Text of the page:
Allowing Discomfort

This past week, I had some business to attend to in Seattle. It was my first visit back to the place I once called home since I had moved away in September.

I must admit, I was a bit nervous about the visit.  I have lived in many places as an adult. However, Seattle has a very special place in my heart as I had grown deep roots there.

When I was about to return as a visitor, the instinctual part of me that is concerned with shelter and safety got activated.

In Western science, we associate this feeling with the concept called the reptilian brain.  According to yogic science, it is the first chakra that is connected with these feelings.

Whatever your beliefs may be, any time we mess with home, food, and community, we also get an opportunity to breathe and see what is going on inside.

I realized I was experiencing a low-grade sadness.  When I envisioned myself in my old haunts as a visitor and not a resident, driving around my old neighborhood in an unfamiliar car, I felt awkward.

I also had the added uncertainty of how many loving friends would I be able to visit in the short time I had.

It was a strange feeling, on one hand there was the nostalgia that made me want to recreate my old experiences, on the other, I had the bittersweet realization that I have moved on and this was no longer ‘home’.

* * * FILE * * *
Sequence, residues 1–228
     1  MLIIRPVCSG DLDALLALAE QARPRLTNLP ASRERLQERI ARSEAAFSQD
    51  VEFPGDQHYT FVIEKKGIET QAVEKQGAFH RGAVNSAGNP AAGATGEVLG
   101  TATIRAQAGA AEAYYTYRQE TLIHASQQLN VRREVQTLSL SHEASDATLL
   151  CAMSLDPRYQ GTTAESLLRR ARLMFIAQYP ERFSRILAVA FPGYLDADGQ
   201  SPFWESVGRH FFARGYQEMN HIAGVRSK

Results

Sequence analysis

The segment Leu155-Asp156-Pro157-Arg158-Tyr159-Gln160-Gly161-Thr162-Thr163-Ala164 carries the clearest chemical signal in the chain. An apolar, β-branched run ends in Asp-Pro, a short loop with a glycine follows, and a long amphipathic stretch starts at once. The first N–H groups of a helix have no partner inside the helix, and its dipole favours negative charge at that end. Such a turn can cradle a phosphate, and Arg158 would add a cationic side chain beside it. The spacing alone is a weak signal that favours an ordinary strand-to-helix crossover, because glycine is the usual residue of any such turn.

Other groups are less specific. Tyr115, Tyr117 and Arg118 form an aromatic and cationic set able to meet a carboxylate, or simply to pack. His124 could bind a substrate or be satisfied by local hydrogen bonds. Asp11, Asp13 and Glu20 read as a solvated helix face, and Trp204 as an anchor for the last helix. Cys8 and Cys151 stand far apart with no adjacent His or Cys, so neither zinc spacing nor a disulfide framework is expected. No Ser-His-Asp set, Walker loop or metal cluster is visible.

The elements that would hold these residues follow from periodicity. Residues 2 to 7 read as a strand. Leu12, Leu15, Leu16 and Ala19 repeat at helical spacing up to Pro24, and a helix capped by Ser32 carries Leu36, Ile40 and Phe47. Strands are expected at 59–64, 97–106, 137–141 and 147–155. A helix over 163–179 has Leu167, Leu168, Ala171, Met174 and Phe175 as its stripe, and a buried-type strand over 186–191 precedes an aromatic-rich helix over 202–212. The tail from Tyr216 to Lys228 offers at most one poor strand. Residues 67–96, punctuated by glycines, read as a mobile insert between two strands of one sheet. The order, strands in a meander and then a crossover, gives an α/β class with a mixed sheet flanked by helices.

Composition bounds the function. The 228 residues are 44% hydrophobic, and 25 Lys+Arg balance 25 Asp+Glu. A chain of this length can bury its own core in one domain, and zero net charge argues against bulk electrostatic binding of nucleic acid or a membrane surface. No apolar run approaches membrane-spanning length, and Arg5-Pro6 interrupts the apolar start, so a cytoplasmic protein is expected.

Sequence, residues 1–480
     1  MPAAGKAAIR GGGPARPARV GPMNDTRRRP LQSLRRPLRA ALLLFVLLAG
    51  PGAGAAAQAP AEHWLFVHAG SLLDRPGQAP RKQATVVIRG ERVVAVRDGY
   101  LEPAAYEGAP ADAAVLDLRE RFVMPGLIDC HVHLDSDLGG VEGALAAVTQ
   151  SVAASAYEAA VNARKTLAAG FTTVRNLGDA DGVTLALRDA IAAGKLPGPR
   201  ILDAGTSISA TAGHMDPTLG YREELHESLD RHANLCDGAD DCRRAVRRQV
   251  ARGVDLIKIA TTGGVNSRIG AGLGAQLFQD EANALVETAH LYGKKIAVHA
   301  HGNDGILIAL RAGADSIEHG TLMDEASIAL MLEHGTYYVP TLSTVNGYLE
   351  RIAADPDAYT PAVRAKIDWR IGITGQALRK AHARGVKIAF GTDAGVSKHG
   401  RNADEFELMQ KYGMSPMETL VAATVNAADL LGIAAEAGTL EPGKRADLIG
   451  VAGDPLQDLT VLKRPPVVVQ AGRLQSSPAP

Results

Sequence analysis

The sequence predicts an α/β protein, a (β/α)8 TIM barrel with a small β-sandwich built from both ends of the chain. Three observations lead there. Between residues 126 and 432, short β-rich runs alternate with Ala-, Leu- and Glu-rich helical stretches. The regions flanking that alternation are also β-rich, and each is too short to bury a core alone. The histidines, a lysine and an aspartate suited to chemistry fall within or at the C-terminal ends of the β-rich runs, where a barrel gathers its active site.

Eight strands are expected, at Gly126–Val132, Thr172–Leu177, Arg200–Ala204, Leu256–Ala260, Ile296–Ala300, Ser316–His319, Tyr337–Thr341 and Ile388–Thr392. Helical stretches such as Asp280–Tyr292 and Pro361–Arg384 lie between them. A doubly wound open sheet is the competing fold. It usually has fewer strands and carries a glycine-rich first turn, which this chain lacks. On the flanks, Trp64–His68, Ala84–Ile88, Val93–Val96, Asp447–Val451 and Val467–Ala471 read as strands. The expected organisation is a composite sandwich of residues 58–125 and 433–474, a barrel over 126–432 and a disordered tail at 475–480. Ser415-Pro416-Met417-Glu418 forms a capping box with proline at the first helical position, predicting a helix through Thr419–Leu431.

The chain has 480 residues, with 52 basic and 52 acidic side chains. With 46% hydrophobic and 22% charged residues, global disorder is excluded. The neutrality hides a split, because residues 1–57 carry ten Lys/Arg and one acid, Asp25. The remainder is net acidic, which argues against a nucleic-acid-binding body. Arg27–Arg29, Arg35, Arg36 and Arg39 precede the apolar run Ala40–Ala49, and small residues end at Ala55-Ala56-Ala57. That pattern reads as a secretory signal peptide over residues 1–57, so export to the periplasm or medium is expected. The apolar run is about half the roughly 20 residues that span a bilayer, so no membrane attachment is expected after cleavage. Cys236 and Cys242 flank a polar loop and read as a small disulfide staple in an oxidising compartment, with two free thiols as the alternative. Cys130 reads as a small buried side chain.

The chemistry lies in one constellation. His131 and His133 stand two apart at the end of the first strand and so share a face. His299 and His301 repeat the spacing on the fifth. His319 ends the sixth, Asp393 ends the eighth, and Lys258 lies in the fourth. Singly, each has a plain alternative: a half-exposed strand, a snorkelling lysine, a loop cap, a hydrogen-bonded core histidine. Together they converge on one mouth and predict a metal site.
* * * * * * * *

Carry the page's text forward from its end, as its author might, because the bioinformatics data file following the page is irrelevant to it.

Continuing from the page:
So, here is what I did:  I stopped fretting and set my mind to be open to a new experience with Seattle.

What that allowed was for me to actually have the feelings, without trying to repress them. I gave the situation breathing room rather than exacerbating any discomfort.  

I was interested in my feelings, instead of judging them.  The quiet observation, “That’s interesting…” is far gentler than, “What’s your problem?  Why on Earth would you be feeling strange about going someplace familiar?”

The experience made me realize that we make negativity more powerful by viewing it negatively. In short; we get emotional about being emotional!

Everyday I come across people who are stressed about being stressed, or, even uncomfortable about dealing with an uncomfortable situation at home or at work. This makes no sense, but we do it all the time and make so much more misery than the original discomfort.

Your Assignment:

Can you make an agreement with yourself to simply feel an uncomfortable feeling all the way through until it is finished?  What about refraining from judgment?  If you notice the experience in your mind and body it is easier to allow it to pass.

 

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